I still remember our last hug, when I said “I will probably never see you again. Have a happy life.”.

What can I say… “Only the good die young”.

Just to let his family know, he really really cared about you. And Marcus really really liked his brother- if you are reading this, trust me… he told me all about you… all good things, dont you worry! )) Oh, not forgetting his DOGS! ))

I hope you manage to overcome all your sadness, and make sure you do some great things for other people in the name of Marcus.

?Alex (I think I can still remember your name, if not forgive me)… if you need anything, you can stay in touch with me via facebook. You are a great kid!

All the best.

Marta xxx

Sharon Bye // Feb 25, 2009 at 7:19 pm

I only met Marcus a couple of weeks ago on a Thursday at the end of my day. I own Cruise Holidays in Wichita and Marcus & a friend walked into my office to find out about taking a cruise over Spring Break. I have to say that I was exhausted and did not expect to spend almost 2 hours discussing their interests and questions. Marcus had many. I found myself entertained and drawn to him. He was so determined to take this cruise on March 22nd. He found another friend who was able to go and got this cruise booked.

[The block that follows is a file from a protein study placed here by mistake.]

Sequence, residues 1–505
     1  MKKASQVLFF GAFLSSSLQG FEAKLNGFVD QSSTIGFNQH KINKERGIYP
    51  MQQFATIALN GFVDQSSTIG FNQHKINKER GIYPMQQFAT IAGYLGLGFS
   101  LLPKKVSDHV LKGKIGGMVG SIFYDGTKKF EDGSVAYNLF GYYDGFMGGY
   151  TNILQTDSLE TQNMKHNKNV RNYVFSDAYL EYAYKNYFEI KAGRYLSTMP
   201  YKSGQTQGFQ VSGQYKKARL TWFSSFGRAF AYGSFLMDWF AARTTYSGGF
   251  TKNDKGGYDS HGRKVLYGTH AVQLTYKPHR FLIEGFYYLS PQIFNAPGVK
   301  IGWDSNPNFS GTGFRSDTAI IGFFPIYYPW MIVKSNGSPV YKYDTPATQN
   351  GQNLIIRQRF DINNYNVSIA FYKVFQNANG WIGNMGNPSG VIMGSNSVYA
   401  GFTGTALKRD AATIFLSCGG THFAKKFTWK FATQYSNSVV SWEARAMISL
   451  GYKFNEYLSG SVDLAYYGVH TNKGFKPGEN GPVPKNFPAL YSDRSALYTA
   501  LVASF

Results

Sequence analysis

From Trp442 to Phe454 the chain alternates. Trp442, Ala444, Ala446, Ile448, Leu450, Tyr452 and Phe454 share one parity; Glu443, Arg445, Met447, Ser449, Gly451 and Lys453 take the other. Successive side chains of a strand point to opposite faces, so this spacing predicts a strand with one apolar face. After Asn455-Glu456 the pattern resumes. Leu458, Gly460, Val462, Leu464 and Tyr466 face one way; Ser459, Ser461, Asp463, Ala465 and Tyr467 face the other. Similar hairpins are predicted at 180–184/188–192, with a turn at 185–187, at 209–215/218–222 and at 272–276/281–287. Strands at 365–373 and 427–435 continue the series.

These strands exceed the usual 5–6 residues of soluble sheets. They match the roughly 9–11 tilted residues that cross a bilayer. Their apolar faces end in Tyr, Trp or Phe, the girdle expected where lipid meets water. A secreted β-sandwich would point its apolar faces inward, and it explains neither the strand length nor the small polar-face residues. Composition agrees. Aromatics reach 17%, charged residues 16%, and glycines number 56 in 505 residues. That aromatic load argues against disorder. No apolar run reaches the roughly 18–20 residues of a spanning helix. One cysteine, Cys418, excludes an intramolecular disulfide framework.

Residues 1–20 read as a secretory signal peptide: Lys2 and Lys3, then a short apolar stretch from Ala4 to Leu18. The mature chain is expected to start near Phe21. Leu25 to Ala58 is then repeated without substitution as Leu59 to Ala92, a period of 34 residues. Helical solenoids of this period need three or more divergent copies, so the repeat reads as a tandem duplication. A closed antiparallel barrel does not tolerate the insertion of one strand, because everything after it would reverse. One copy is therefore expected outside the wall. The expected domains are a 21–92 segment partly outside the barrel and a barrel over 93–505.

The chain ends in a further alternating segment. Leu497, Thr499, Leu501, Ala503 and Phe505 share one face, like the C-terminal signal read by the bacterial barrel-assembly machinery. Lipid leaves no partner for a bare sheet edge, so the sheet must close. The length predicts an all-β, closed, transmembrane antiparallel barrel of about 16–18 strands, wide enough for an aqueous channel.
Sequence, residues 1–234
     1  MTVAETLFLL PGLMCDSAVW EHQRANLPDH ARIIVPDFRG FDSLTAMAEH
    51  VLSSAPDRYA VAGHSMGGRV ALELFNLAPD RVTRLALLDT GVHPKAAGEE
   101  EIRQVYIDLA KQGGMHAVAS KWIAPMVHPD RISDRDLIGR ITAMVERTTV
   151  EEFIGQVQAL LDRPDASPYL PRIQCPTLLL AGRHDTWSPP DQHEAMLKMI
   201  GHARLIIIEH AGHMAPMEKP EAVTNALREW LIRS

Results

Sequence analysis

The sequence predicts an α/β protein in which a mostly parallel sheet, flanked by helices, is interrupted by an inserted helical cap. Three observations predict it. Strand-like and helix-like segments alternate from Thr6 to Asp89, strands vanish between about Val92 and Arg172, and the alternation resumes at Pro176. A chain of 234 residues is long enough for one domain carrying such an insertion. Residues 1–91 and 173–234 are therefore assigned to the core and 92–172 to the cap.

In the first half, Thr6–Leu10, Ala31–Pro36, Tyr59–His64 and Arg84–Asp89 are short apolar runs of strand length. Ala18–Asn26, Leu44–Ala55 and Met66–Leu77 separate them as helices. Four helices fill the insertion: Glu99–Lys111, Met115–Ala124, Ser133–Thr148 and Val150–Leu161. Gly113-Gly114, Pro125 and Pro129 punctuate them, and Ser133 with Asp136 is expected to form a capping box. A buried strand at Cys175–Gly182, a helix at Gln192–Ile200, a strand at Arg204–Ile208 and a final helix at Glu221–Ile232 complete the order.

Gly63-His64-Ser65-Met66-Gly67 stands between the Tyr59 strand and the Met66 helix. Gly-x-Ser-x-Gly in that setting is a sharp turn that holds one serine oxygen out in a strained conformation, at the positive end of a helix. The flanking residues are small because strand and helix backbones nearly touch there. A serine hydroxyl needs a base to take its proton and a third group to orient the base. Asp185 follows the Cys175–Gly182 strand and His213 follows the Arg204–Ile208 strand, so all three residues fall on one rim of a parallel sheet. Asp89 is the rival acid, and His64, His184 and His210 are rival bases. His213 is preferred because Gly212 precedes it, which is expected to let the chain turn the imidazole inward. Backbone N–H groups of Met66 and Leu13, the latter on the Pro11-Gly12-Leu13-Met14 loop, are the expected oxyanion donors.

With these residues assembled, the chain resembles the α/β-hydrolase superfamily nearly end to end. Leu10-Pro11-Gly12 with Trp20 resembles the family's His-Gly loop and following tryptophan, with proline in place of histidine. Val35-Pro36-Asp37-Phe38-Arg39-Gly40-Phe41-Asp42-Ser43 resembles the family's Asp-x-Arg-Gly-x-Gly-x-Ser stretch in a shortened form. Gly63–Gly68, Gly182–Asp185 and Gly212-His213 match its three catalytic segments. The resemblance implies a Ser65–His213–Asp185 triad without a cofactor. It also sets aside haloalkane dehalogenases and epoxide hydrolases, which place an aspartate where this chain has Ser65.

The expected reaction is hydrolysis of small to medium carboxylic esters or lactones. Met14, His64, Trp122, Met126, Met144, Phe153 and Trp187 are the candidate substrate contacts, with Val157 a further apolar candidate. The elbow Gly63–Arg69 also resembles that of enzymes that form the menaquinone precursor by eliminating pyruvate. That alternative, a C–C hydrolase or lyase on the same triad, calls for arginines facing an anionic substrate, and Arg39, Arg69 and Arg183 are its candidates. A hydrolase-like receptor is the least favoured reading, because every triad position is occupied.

I called him to come back in to finalize some paperwork and we spent another hour visiting about his trip to Europe (Venice in particular). He brought his masks into our office so that my husband and I could see them. Once again, I was so drawn to his enthusiasm and found myself looking forward to our next visit. I joked afterward with some of our staff about my being the “mother figure”. It was great. I do not find alot of opportunities to visit with young people who really enjoy sharing themselves like Marcus did.